And I just want to start off with everybody kind of getting to hear the basic case that each of you would make for your point of view here so that we just get that on the table and then we can talk about it. So Eric, I want to start with you. Um, what is your reasoning, how would you describe to people listening in and maybe to the other side, people who really don’t support President Trump, how would you describe your support for him, why you felt like that’s been important during this last election cycle and even moving into a re-election cycle?” (There is a kind of moral equivalence in Lyons’s introduction that bothers me. I know that there are many white evangelicals who voted for Trump, probably far more than did not, but I have yet to be convinced that this is a debate between two thoughtful Christian positions. In other words, I am not sure this is a time for civility as much as it is a time for the church to speak with a prophetic voice. A time for civility and the healing of wounds will come again, but now is not that time).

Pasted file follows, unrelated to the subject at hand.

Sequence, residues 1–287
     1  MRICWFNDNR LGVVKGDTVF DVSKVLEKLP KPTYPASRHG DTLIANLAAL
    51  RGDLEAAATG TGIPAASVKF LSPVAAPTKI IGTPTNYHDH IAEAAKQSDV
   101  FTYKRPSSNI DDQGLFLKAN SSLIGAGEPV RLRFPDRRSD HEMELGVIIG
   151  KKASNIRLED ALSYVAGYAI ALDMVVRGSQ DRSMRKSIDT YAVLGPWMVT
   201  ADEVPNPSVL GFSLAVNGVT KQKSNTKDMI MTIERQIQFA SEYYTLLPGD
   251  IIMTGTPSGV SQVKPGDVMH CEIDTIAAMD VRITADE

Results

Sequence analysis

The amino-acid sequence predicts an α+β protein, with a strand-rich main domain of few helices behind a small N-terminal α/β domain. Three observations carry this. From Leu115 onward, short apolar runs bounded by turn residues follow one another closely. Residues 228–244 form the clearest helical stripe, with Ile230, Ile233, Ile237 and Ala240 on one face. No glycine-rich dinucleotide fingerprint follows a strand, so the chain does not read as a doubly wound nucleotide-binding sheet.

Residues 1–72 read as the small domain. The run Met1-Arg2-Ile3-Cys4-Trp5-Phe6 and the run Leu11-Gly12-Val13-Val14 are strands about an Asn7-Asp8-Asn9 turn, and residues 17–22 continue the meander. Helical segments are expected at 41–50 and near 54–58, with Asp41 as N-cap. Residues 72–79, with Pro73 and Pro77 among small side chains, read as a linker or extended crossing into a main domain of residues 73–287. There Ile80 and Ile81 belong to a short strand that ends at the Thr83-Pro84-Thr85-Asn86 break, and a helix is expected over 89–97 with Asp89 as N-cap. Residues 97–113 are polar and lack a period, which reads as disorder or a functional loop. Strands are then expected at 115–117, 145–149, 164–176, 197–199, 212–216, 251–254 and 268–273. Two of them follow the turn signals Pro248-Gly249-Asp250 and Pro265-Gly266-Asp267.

ERIC METAXAS: “Well first of all I want to say thanks for, for having me here and for encouraging a civil conversation on what has to be one of the most important things we could ever discuss at this juncture in history.”
GABE LYONS: “Yeah, and Eric I’m gonna interrupt for a second and make sure we have your mic we don’t have audio so let’s make sure you pull that mic oh okay, we’re gonna, hey hang on hey we’re gonna start the clock over, we’re gonna go back to 27 minutes, we’re gonna give all our time to this, and I wanna begin again with you just responding to making your case for this point of view.”
ERIC METAXAS: “Well, thank you. There’s so much to say and it’s so complicated. I wanna make really clear that during the primaries and before the primaries I hated Donald Trump. I despised him, for many of the reasons that people despise him today. And when I thought of my hero William Wilberforce fighting the second great object, the reformation of culture in his time and how the Prince of Wales, the leader, the man who would be King George the Fourth was a dissolute, I would think of somebody like Donald Trump. I felt like he’s just bad news culturally speaking, he sets a bad example. During the primaries, something happened. I was writing a piece basically mocking Trump’s illiteracy with regard to the Bible that was published in the New Yorker magazine and was called ‘More Trump Bible Verses,’ and it was verses from the Bible as mis-stated by Donald Trump. And it was kind-of like writing a comedy piece for somebody.”